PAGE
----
Political, economic and social impacts

The Japanese military occupation of Guam, from December 1941 through July 1944, resulted in a variety of political, economic and social impacts on the people of Guam that emerged for the most part during the post-war period.

The most remarkable political impact was a change in Chamorros’ perception of the United States. Although the Chamorros had not always been receptive to the pre-war US Naval Administration, particularly due to discriminatory treatment, they generally held pro-American sentiments as they repeatedly attempted to obtain US citizenship. Their harsh wartime experiences with Japan, however, made their feelings more pro-American and strengthened their political dependency on the US.

Because Japan occupied Guam during World War II, Chamorros now more clearly recognized Guam’s place in the international arena, specifically that the island is an important strategic location in the Western Pacific close to Japan, the US’s former enemy. Chamorros also came to understand the ambiguity of political status in the Micronesian islands (Japan’s former mandated territory surrounding Guam and, since 1947, a United Nations trusteeship) making Guam’s status as part of the US additionally important.

Recognizing these factors, the majority of Chamorros, both mentally and physically, have consistently supported a US presence on the island from 1944 to the present.

Pre-war Guam economy, though on a small scale, was semi-self-sufficient, exporting only copra. The economic damages caused by the Japanese occupation were, enormous. These included:

  • a seizure of assets,
  • an unreasonable low exchange rate of US dollars to Japanese yen,
  • the exploitation of labor for land development plans and fortifications,
  • shortage of food and life’s necessities and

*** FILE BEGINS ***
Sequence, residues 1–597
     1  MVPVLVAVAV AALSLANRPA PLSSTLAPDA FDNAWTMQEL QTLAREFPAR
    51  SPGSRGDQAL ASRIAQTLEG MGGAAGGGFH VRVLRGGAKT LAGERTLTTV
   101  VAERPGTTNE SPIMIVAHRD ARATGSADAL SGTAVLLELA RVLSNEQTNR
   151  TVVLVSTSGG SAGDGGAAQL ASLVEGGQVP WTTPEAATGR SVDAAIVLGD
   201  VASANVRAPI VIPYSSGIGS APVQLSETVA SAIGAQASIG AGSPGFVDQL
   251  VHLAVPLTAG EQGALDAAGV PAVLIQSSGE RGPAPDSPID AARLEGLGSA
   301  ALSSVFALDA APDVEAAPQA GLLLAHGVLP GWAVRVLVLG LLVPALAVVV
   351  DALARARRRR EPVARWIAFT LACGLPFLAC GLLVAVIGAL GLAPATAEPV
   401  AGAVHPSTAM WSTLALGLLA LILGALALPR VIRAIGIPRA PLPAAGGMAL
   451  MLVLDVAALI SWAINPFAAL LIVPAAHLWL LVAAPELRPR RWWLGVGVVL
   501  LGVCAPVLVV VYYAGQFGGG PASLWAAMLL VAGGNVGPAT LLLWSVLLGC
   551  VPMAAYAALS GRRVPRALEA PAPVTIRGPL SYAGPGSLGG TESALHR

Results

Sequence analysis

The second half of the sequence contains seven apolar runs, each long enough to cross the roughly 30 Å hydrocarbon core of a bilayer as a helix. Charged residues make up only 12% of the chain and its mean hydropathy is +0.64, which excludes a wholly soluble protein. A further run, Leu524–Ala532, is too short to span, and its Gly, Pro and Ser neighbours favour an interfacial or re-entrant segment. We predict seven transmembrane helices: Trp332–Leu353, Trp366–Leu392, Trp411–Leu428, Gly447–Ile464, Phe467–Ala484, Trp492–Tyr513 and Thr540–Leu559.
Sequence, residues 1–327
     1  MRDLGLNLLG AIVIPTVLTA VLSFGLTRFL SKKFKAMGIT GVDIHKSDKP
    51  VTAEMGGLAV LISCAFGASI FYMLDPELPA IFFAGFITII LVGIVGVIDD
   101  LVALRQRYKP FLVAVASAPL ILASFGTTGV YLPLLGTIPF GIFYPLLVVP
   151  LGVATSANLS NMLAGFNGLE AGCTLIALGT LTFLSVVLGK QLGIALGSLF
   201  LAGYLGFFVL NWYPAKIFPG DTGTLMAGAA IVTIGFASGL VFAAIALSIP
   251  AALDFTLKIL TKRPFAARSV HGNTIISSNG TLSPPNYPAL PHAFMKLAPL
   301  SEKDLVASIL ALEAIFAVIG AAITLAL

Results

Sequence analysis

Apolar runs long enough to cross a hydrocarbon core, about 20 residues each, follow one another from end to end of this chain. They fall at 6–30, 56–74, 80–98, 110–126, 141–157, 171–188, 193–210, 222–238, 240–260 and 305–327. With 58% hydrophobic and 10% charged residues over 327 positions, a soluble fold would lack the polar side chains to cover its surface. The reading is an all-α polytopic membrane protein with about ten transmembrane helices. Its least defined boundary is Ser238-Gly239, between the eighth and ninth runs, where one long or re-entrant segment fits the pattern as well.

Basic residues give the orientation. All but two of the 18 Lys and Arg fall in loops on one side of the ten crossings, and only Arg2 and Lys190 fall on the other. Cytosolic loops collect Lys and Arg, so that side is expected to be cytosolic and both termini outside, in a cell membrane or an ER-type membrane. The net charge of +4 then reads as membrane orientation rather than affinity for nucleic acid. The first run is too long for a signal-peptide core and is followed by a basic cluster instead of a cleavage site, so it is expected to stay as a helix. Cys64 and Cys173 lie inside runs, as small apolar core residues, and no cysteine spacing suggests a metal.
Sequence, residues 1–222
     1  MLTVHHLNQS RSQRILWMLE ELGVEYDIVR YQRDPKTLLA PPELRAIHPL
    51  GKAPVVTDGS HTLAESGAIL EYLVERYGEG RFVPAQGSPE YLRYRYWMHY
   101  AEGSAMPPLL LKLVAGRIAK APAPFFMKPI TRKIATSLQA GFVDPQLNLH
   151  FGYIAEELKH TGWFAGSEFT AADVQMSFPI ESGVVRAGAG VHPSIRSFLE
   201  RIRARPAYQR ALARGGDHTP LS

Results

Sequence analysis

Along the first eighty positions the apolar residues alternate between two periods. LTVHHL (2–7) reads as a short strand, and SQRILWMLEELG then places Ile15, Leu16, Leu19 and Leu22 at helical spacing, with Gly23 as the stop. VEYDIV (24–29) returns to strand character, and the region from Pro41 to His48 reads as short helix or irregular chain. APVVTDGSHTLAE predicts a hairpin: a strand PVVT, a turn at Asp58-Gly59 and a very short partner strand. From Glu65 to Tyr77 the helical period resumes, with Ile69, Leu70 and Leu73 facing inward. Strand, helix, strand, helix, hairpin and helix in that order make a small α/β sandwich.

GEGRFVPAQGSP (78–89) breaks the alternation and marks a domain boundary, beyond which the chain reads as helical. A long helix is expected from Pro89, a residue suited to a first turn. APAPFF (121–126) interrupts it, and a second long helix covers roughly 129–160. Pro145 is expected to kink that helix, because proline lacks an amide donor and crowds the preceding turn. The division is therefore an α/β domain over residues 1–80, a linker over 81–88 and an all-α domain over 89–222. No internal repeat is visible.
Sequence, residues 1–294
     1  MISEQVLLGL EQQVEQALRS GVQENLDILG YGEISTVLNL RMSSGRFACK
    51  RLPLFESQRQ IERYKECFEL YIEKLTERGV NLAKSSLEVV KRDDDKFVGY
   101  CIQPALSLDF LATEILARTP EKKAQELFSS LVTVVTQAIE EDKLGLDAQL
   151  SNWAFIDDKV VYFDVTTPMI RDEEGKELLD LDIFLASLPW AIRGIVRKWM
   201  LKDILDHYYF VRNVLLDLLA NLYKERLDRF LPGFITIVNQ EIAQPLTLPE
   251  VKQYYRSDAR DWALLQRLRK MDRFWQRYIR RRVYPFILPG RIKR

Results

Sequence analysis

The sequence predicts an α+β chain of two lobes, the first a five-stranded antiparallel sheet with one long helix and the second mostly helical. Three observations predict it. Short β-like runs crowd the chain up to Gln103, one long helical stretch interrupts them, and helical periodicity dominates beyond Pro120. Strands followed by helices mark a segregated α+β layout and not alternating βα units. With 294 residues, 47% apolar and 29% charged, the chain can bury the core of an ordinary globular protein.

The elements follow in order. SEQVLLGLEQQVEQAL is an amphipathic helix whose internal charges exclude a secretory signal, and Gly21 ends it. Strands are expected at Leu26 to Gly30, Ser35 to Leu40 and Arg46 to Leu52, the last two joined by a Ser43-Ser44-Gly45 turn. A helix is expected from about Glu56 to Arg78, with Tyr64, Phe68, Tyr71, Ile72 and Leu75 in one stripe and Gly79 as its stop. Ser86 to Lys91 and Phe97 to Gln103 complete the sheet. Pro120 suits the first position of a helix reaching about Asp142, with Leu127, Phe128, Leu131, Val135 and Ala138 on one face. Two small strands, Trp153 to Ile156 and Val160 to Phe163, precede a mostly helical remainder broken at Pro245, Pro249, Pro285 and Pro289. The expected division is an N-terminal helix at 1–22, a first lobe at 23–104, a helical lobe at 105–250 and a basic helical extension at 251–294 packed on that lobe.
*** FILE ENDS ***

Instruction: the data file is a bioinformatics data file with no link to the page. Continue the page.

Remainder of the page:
• the destruction of homes.

Japan’s policy for nationalization of occupied lands, coupled with the US military landing, militarization and demolition of land during a fight to the death at the American retaking of Guam, caused great confusion as to land ownership and alienation of land soon after the US recaptured Guam. Much of the Chamorros’ agriculture and other lands that had been taken by the Japanese military during the occupation were re-defined as US military farms under the US Commercial Company (USCC) of the federal government. By 1947, these became the responsibility of the island Department of Agriculture.

The US Navy planned to obtain up to 75,700 acres out of nearly 140,000 total acres in 1945 through purchase, or condemnation (by writ of eminent domain), or lease from Chamorros to develop Guam into a substantial military base, second to only Pearl Harbor in the Pacific. The US was anticipating potential conflict with Communist China or the Soviet Union, or with both. This was in addition to 28,000 acres already owned by the US since the pre-war period, which had previously been Spanish crown lands surrendered to the US as a consequence of the Spanish-American War. The acquisition of land became possible during total post-war military rule and rehabilitation of Guam by means of US assistance.